As he aged, Phillip increasingly turned his business over to his sons. He lived until April 1920, dying just after his 69th birthday, and long enough to see National Prohibition enforced, causing his sons to shut down the liquor business of 36 years and move on to other occupations.   With his family grieving at his burial site, he was interred in Oheb Shalom Cemetery.  His gravestone is shown below.
I was particularly attracted to this story by Goldheim use of the Biblical symbol of the ram’s horn to name a whiskey and then Lobe's ability to market Ram’s Horn Rye actively and attractively.  As Phillip Lobe was lowered into his grave, I hope that a ram’s horn “shofer” appropriately was sounded over the Hebrew burying grounds.

Note:  This post has been updated as the result of an extensive article by Susan Helen Adler entitled "From Goldheim Bitters to Phillip Lobe & Son," that appeared in the July-August 2018 edition of Bottles and Extras, the magazine of the Federation of Historical Bottle Collectors (FOHBC).  Ms. Adler's excellent piece filled in gaps in my research and provided a photograph of Lobe, for which I am very grateful.














12 comments:

  1. Thanks for this great article!! I am Philip Lobe's Great-great granddaughter and collect his half-pint bottles.
    Susan Adler Davis

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    1. I recently found a railroad dump full of phil lobe 1/2 pints and some pints. Unfortunately most of them are cracked and in rough shape.

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    2. Patrick: Baltimore diggers find Lobe bottles with some regularity. I do not know that anyone has found a cache as the one you did. Too bad the bottles were damaged. Jack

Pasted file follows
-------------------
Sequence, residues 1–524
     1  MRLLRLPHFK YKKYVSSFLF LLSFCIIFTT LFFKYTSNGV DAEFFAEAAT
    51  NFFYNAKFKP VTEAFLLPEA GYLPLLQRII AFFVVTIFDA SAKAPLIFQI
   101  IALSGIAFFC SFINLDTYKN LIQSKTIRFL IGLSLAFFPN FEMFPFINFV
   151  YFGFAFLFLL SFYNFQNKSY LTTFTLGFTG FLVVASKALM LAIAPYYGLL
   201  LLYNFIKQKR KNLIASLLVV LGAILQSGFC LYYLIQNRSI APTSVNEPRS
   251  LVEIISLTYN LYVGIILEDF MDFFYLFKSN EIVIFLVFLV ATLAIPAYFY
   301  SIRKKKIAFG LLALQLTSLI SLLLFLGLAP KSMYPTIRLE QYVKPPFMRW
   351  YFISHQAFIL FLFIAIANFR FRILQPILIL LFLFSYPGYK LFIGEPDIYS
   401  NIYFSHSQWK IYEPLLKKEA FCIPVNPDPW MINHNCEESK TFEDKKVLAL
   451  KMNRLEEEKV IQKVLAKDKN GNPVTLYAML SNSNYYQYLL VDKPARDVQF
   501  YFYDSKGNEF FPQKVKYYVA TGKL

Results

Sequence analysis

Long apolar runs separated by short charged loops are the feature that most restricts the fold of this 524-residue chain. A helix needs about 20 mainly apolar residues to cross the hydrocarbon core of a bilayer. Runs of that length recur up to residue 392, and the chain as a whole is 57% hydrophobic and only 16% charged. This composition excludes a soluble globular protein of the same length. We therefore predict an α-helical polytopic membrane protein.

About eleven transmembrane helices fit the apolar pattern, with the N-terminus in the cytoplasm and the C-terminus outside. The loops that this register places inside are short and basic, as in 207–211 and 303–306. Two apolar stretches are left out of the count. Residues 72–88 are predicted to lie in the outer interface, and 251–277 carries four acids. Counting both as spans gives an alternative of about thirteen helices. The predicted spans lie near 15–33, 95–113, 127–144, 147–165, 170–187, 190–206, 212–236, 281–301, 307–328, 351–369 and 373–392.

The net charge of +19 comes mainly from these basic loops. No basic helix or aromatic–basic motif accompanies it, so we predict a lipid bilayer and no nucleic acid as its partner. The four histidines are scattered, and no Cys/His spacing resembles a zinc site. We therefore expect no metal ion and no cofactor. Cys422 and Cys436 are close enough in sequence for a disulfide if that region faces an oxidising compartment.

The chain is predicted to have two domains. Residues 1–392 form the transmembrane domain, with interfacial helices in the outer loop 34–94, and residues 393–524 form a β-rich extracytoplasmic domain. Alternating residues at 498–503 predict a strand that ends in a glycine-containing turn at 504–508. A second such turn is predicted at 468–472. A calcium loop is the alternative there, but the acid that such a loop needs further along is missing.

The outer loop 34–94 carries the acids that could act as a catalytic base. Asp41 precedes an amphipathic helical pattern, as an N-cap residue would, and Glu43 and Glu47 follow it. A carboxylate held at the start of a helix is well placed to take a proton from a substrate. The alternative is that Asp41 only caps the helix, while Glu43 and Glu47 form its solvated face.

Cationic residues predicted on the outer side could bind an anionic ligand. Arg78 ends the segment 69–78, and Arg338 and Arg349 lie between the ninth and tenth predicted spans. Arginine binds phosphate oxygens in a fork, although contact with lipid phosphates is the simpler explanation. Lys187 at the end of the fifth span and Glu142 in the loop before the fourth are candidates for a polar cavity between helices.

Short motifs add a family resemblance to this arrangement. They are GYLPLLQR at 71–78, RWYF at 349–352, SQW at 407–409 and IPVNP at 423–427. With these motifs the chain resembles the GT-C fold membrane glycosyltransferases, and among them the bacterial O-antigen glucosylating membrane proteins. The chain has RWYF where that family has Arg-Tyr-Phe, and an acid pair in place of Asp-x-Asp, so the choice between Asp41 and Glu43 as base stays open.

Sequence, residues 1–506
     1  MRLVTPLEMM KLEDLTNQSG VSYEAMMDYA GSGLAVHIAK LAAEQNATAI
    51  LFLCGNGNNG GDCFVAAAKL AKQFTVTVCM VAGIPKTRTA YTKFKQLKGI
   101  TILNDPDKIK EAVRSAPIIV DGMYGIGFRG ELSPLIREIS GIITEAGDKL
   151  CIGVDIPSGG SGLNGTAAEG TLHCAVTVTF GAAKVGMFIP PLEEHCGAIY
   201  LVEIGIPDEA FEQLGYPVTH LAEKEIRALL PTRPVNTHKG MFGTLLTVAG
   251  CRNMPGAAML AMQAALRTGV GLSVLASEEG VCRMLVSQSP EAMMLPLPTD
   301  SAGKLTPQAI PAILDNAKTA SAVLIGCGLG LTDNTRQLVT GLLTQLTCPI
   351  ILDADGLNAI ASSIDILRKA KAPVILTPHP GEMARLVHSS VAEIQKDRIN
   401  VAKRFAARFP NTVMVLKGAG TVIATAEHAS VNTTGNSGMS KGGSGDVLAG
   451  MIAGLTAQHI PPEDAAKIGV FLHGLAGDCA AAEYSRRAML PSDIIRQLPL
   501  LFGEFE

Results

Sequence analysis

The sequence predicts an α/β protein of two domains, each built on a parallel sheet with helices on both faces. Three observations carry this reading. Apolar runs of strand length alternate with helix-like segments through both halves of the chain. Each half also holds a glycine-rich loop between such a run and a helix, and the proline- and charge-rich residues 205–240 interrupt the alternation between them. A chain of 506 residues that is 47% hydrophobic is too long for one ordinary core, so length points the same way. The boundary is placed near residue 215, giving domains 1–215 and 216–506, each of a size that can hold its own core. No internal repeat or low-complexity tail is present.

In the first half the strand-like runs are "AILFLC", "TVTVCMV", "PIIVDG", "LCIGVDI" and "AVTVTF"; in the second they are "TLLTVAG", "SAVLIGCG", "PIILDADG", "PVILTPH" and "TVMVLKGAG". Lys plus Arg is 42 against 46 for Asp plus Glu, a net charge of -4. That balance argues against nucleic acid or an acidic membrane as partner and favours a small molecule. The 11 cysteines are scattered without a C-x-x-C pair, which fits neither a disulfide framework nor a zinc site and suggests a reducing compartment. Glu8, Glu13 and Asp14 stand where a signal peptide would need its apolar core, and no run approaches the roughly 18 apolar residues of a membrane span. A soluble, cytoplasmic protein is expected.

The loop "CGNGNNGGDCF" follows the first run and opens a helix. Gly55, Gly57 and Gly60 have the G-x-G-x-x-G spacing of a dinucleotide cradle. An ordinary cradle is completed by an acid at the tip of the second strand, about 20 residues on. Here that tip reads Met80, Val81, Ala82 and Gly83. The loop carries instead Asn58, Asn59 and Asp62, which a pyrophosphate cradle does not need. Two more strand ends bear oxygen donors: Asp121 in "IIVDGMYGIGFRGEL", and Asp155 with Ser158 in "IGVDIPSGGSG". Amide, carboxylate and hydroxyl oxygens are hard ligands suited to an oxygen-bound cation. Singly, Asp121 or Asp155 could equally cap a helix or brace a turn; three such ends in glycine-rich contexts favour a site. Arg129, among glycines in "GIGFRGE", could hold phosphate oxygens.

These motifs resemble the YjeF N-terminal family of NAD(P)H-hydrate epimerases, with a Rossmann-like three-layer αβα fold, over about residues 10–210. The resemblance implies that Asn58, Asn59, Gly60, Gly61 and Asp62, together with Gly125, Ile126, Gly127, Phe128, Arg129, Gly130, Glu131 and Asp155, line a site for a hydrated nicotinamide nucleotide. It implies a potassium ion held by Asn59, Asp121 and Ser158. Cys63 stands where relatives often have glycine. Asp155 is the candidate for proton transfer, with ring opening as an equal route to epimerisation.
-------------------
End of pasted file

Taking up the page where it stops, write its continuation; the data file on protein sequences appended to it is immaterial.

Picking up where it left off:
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    3. This dump was loaded with all kinds of flasks, crown and blob beers. I got a few different flasks in good shape but not a single Phil lobe intact. Between my friends and I we dug over 20 Phil lobe flasks. Out of all of them 2 pints were undamaged that my friend dug.

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  2. Susan: Thanks for being in touch. Glad you liked the article. If you collect Philip Lobe's bottles then you will want to attend the Baltimore Bottle show in early March each year at the Community College in Essex. You may well find some there.

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    1. Hi Jack, since I last corresponded with you, I have learned a lot about the family history. Could you please email me at susalinasail@gmail.com. I would like to talk to you about a couple of things. Susan

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    2. Thanks for being in touch, Susan. Will email you shortly.

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  3. Hey jack, I dug up a Geo. Weber's family wine and liquor emporium bottle. He was located on 726 & 728 eastern ave. In highlandtown. I'm having trouble finding information on him and was wondering if you knew anything about him.

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  4. Patrick: Sorry I cannot be any help to you. Have checked my files and find nothing anywhere on a George Weber. Wish I had some advice to give you on where to aim your search, but no clue.

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  5. Thanks for writing back so quickly. I figured I give t a shot and see if you had any info. I love reading your article. Lots of good info here.

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  6. Patrick: Thanks for your kind remarks about my posts. I enjoy doing them. After responding I recalled that my wife's great-grandfather in Peoria, Illinois, according to family lore, may have been distiller. His name was George Weber -- but we have been able to find little more than that about him.

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  7. You're welcome! My friend sold a George Weber 1/2 pint to some on ebay that said she was a decentant of him. I'll have to ask My friend what state that person was in. I'm pretty sure he said Illinois.